Nobody wants to be sick. Unless one is a hypochondriac. As an adult, getting the flu, fever, colds, migraines or muscle pains can be a very personal kind of suffering. You’re sick enough to get your daily activities and normal disposition disrupted but not really sick enough to merit going to the hospital. You have to be “man” enough to just grin and bear it. And usually you can get by without snapping at anyone or complaining online.

But major diseases like cancer or other medically difficult conditions stop becoming personal and begin involving all members of one’s family and to some extent one’s community.

I saw this very clearly when my grandmother (and later on my dad) was admitted to the hospital. As her closest family members rally around her and as our household help and extended family and friends help us pull through, I realize that sickness, although certainly not something to look forward to, has something to teach us all.

On a personal level, a person who is sick must come to grips with one’s weaknesses and humility, and eventually one’s own mortality. It is only when we are sick that we see past the glamor of our invincibility. We’re not as strong as we think we are. We’re not as capable as we think we are. And whether we admit it or not, we need other people. If we look past our dependence on the kindness of others and on their good will, we get a glimpse of just how dependent we truly are on God.

When a close friend or family member is sick, I begin to see just how valuable (or not) relationships become. Family becomes less a noun and more a verb. Priorities get reorganized. Work, that can sometimes become all consuming, is relegated to its proper place. Suffering, when shared with those we love, somehow becomes lighter. And when someone we love suffers, we cannot help but be changed. We are forced to reassess our petty differences and see the bigger picture. We are also moved to compassion, not just for those we love but even those we do not know but who have to go through the same thing.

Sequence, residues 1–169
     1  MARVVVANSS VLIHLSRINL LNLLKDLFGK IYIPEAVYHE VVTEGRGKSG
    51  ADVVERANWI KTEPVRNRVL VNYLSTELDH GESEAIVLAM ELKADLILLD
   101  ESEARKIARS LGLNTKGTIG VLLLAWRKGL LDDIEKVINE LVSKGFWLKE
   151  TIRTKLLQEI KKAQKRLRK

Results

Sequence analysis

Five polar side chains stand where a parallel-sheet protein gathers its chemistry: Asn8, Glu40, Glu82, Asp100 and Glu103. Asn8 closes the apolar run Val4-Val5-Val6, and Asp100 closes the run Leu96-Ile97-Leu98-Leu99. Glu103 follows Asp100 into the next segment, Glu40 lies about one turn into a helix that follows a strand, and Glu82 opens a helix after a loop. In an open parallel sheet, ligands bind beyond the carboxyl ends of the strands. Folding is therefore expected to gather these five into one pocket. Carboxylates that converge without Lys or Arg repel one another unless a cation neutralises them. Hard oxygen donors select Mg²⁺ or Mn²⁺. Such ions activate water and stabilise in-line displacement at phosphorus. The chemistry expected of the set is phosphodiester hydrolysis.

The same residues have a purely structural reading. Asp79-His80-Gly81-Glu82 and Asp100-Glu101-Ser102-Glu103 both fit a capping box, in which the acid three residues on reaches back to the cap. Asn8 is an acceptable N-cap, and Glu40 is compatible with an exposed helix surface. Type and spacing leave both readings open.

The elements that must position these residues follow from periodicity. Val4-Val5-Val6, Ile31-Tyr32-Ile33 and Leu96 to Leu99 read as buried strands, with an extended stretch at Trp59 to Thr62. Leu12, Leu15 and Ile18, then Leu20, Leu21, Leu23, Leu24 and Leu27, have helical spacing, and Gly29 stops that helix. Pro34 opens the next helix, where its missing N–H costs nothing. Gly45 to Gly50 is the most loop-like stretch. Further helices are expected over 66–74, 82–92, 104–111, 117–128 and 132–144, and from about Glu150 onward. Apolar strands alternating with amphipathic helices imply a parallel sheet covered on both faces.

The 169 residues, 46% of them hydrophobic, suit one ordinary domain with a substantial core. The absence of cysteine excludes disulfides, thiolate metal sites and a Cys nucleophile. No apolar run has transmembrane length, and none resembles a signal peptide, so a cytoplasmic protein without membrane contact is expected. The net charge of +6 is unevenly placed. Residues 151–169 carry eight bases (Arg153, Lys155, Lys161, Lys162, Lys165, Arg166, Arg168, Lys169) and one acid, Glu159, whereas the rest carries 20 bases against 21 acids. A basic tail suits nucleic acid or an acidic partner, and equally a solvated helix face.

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And finally, sickness allows other members of our community to express their love. Perhaps one of the best gifts we can give other people is to allow them to express their kindness. And it can come in all sorts of forms. I have found that people can be very creative indeed when they think of ways to help us. Some can do it in the form of food, others encouragement, others service, others time and for most, in the form of prayer. And by some Divine Providence, the right kind of help is always extended at the right moment.I am grateful beyond words for everything that everyone has done for my family. And I will continue to be grateful long after this situation passes.

I understand now how some people can say that suffering can still be a beautiful experience. Suffering itself, is not beautiful, what can be beautiful (with acceptance and of course grace) is what it makes of us, our relationships and our faith.

[Originally written in TACKED THOUGHTS for The Freeman
by Nancy Unchuan Toledo]

About Nancy Unchuan Toledo

When Nancy started teaching high school at age 21, she didn’t really think she’d make a career out of it. She was right. Ten years later and she realized teaching isn’t her career, it’s her passion. Writing is her passion, too, and she writes a bi-monthly column for the Freeman. Mostly she writes about her family, her friends, her students, her experiences in teaching, her love of books and her faith. Because those are the things that she cares about the most–although not necessarily in that order.

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